Tuesday May 12th

Poverty and Freedom

I wanted to talk about being broke

  • I am currently studying through funding (via a stipend), but I don’t feel broke or poor. In fact, I live quite comfortably. Having the comfort of the Academic community gives a certain guarantee that things will be okay; things will work out. They may not be as grand as you expect, but they’re in no way the same way as the times when I didn’t have much or I was seen as not much.
  • In Academia, you are still one of the chosen ones; you have potential. But sometimes that is in conflict with the very systems and entities with which you are supposed to interact, or to represent.
  • I’m reading a book at the moment that is pertinent to my area of research, but also talks about people who don’t have much. I also read a paper recently where the author was so angry that his words were like bile etched onto a page. It definitely was not a Computer Science paper, because we…(don’t have empathy? A soul? Have important algorithms to explore? Would rather fight over syntax than over the human condition?). It was the first time in a while I had felt that kind of rage come out of a book.
  • Most books are filled with fake niceties; the raw emotions are edited out. “You can’t use that word; it’s much too…caustic.”
  • Right now, quite a few of my friends are struggling, but there’s a distinction that is clear between those who are hanging on and won’t bounce back as quickly, and those for whom things will turn out just fine (because of their skills, support group, etc). And it feels uncomfortable. I mean, you can’t really tell someone “things will turn out okay” when you know you’re full of it. You can’t even lie to them about it.

It’s a different feeling in the latter category

  • I can still ride the bus and swipe my card for free; people on the bus can see the logo from my school and know that I go to a place that will ensure that things will turn out okay for me.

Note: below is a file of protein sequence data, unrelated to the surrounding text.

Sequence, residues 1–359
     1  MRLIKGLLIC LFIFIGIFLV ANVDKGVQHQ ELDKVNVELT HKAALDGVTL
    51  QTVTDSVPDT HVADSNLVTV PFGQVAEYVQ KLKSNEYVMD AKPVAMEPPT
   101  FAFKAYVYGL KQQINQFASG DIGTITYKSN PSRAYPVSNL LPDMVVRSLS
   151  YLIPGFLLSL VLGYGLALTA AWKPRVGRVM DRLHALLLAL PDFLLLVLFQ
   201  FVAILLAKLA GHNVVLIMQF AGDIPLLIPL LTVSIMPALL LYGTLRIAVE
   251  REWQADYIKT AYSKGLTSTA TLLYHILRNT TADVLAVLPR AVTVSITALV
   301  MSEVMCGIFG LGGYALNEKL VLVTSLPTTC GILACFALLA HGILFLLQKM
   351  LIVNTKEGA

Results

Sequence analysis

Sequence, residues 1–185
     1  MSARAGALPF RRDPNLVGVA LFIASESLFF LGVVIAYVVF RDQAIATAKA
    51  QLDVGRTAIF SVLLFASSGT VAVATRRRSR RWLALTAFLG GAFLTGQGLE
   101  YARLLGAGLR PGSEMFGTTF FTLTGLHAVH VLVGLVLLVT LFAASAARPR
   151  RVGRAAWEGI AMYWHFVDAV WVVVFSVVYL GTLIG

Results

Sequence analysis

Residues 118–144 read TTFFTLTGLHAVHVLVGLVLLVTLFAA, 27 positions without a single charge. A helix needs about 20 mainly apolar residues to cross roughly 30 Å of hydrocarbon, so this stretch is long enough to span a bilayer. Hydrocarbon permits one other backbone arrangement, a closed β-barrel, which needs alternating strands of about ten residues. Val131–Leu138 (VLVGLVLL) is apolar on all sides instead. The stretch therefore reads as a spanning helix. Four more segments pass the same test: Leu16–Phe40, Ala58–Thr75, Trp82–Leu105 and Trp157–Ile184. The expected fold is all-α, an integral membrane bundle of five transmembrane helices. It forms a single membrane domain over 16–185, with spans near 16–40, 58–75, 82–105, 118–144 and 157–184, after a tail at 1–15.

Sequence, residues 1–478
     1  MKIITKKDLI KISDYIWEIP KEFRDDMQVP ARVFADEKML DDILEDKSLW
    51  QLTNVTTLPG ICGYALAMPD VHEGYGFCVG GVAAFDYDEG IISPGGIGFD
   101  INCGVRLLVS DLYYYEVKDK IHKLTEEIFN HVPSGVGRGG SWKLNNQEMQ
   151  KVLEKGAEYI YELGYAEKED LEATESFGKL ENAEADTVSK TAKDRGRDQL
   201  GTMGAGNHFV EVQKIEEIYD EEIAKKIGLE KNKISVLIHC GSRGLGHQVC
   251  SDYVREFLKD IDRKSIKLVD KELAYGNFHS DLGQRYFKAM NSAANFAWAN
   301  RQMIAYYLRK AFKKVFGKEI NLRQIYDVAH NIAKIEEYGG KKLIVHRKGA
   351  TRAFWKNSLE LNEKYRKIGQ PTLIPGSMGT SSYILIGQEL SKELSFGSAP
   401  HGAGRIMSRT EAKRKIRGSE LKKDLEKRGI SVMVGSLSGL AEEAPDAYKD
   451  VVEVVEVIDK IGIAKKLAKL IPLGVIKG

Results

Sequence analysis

• But when I was getting started, it was different. It was a different reality of being cheap labour without any pedigree; just another immigrant. It was a different feeling of staying up until 1am to make sure that money hits your account (just in case).
  • It was a different feeling riding the train or bus, coming home, and still having the smell of homelessness on you, or praying someone wasn’t smoking so close to you that your clothes would reek of marijuana, because you really couldn’t afford to do another batch of laundry (by coin wash, of course).
  • It was a diffeent feeling of knowing that the only way things would work out financially is if you shopped at the stores where all the other underpaid immigrants shopped. That changed after I got my green card. It was as though I had stepped into the echelons of society where I was valued. It was a strange feeling the first time I travelled back into the country, terrified of my conversation with border control (was he going to ask me if I had a boyfriend who smoked weed again, like I would stupidly admit to consuming illegal drugs to a man in a uniform?), that he just didn’t care. In fact, he had a smile on his face. Welcome back to America!

A story

  • Many years ago, I took a job because I needed to get a work visa. The rates were rock bottom, but I got by. Because I was (am?) a fighter, I saw myself as more than I was where I was at that point in time, so I did as much as I could to still be my own person. So I invested in myself and sunk the money that I didn’t save into bettering myself (by taking classes, workshops, etc). I guess because of the way I grew up (fairly privileged), I never really felt that things wouldn’t work out for me, but I’ve hung around a lot of people I wasn’t sure it would work out for while I was working my way up.
  • Even at my worst, for example, when I barely had enough to eat, there were people who saw more in me than I could see in myself. The owner of the first company I worked would ship me business books; he could already see a leader within me, straight out of school. On one occasion, I didn’t have lunch, and was hungry, and the owner of a fancy restaurant took me in, and the staff really liked me, so they’d feed me a three course meal for $2, or sometimes for free. He didn’t see me as a bum, but I could have been? Instead, they made me quesadillas with goat cheese and giant shrimp, coupled with a glass of the richest port wine, and freshly baked chocolate chip cookies as large as my hands. There were constant reminders that this was just temporary.

Even then